Ketamine has different bioavailability by each route:

  • Oral – 17-24% [1].
  • Intranasal – 45% [2]
  • Sublingual (under the tongue) – 30% [2]
  • Suppository – 30% [3]

For example, an intranasal 15 mg dose of ketamine would result in (roughly) 6.75 mg of ketamine entering your system. 

Ketamine Lozenges Are an Easy Way to Microdose Ketamine

How to Microdose Ketamine

Ketamine microdoses can be purchased from online ketamine therapy providers in lozenge form for sublingual administration. These come in different strengths, and the provider works with you to adjust the dose.

You may find some online guides recommending snorting ketamine, but we don’t recommend doing this regularly as it can damage nasal passageways. 

The easiest way to microdose ketamine is by dissolving it in water to use with a dropper or by making your own ketamine nasal spray. 

How to Make Ketamine Microdoses

Ketamine is freely water-soluble, so you can create volumetric microdoses like you would with a tab of LSD in a water dropper.

Here is how to make ketamine microdoses:

  1. Determine what you want your dose to be. 
  2. Take note of the volume of your vial and dropper.
  3. Do your math (a dose of 0.1 mg in a 100 ml vial with a 1 ml dropper requires 10 mg of ketamine).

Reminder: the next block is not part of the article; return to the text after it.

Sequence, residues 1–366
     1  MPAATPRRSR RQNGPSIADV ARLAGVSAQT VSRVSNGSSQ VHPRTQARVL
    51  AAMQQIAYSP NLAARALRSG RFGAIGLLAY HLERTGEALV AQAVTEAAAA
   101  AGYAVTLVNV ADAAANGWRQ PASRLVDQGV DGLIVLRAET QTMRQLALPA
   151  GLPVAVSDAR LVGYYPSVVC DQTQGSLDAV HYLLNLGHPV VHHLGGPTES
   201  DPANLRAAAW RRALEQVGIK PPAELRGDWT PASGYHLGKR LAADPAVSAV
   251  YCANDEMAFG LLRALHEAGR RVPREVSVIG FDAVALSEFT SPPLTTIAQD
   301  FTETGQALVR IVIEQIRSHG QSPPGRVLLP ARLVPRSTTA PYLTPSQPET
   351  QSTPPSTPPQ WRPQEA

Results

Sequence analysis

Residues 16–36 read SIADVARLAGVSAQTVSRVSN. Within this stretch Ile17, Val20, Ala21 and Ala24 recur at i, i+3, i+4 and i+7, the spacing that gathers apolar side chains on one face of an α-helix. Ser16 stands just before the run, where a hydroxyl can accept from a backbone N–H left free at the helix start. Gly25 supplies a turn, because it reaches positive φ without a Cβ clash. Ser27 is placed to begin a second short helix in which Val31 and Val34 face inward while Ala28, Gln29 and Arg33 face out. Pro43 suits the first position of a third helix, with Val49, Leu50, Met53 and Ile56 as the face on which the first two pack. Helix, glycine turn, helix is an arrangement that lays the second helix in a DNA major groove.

4. Use a quality, calibrated scale to measure your desired amount.
  5. Measure and add distilled water (heating the water will allow the ketamine to dissolve easily and quickly).
  6. Mix finely crushed crystals into the dropper. 

How to Make Ketamine Nasal Spray

Making your own ketamine intranasal spray takes advantage of higher intranasal bioavailability.

  1. Purchase spray bottles and saline solution from a pharmacy or online.
  2. Determine the volume of the bottle and the volume of each spray.
  3. Again, do your dosage math here (a dose of 0.1 mg in a 100 ml vial with a 1 ml dropper requires 10 mg of ketamine). Mix according to the size of your spray bottle.
  4. Mix well.

It’s possible to oversaturate a solution when making a nasal spray, meaning not all the ketamine will be dissolved. If this happens, you are probably not microdosing. 

You can order nasal spray bottles like this online

Microdosing Ketamine Research

While there is a growing body of ketamine research, there is little about microdosing, particularly its long-term effects.

Microdosing, in general, has come under criticism in the scientific community after some studies suggest any effects are based on “expectancy effects” (or the placebo effect).

However, the jury is still out on microdosing, with many people finding it beneficial. Here is what we know about ketamine microdosing so far: